“I thought you couldn’t make it today,” Nathan whispered.
“Your dad called and said you were riding Gangucha. I wasn’t going to miss your showdown with the devil; I can potty train myself some other day!” All the faces in circle slowly turned and looked at Jake. “I’m kidding, guys; I’ve almost mastered it.” Each of the guys slowly took a step backwards. Nathan smiled, knowing that Jake was just trying to relieve the tension.
A siren was heard in the distance and grew louder with every passing second. It wasn’t long before a flourish of new people hovered over him, shoving out all the familiar faces. Someone gently untied the red handkerchief from his neck and replaced it with a brace; another person was pumping a blood pressure cuff, while the other was listening to his chest. “Pressure is a little high,” the man said.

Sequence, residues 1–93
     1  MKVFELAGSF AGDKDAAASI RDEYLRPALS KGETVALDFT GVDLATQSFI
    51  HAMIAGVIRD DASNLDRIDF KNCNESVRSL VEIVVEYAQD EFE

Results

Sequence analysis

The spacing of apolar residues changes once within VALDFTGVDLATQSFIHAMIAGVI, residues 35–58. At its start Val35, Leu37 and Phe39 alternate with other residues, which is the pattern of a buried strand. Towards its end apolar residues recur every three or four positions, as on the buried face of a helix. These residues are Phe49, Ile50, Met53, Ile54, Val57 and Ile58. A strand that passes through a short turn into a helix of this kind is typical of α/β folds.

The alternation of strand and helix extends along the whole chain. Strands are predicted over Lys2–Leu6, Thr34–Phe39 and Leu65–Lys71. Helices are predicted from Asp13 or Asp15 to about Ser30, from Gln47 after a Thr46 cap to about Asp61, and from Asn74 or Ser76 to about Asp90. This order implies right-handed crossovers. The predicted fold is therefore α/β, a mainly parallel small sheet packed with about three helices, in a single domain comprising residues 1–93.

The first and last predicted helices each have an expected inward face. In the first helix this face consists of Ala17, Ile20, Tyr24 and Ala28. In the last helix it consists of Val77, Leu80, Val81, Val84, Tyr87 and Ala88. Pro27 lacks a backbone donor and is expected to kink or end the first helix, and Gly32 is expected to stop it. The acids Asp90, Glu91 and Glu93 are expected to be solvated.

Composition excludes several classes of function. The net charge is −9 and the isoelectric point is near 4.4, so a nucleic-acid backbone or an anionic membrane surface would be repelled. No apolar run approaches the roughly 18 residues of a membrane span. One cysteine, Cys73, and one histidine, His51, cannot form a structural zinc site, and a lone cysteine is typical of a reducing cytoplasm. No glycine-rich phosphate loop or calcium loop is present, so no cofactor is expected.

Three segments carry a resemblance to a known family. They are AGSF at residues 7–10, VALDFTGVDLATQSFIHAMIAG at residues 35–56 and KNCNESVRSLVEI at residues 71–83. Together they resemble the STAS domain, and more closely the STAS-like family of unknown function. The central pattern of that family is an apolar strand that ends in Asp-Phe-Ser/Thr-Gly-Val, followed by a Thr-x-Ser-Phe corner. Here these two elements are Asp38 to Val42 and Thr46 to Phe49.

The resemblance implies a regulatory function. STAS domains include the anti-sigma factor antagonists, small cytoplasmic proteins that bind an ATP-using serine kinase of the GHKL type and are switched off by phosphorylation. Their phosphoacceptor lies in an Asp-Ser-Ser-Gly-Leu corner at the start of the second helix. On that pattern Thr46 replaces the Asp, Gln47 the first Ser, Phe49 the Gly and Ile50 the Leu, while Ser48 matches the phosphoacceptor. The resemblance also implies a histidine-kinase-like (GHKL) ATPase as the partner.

“Airways are clear,” the lady said.
“I think he is stable for transport,” the other lady reported. “We’re going to slide a plastic board under you, Nathan.” Nathan closed his eyes as the medics gently pushed the board under him; for the first time he felt fear wince within him.
“Hang in there,” Jake called.
“I’ll meet you at the hospital,” dad said. “You’ll be fine; you’re in good hands now.” He gently tousled Nathan’s hair and then turned away. Nathan could read the fear in his dad’s eyes, but he felt a little better knowing that he wasn’t the only one who was scared. The medics slowly lifted the stretcher and began the trek across the ring. A single clap was heard in the distance until it erupted into a chorus of applause around the ring. Nathan closed his eyes; he didn’t deserve the applause, not this time; he had been beaten.
The stretcher jostled a little as the medics pulled it into the ambulance. The doors were slammed shut, and all was quiet. Nathan sighed; he was tired. Nathan heard the ambulance sirens blaring, but he was too exhausted to even question the medics on what might be wrong with him.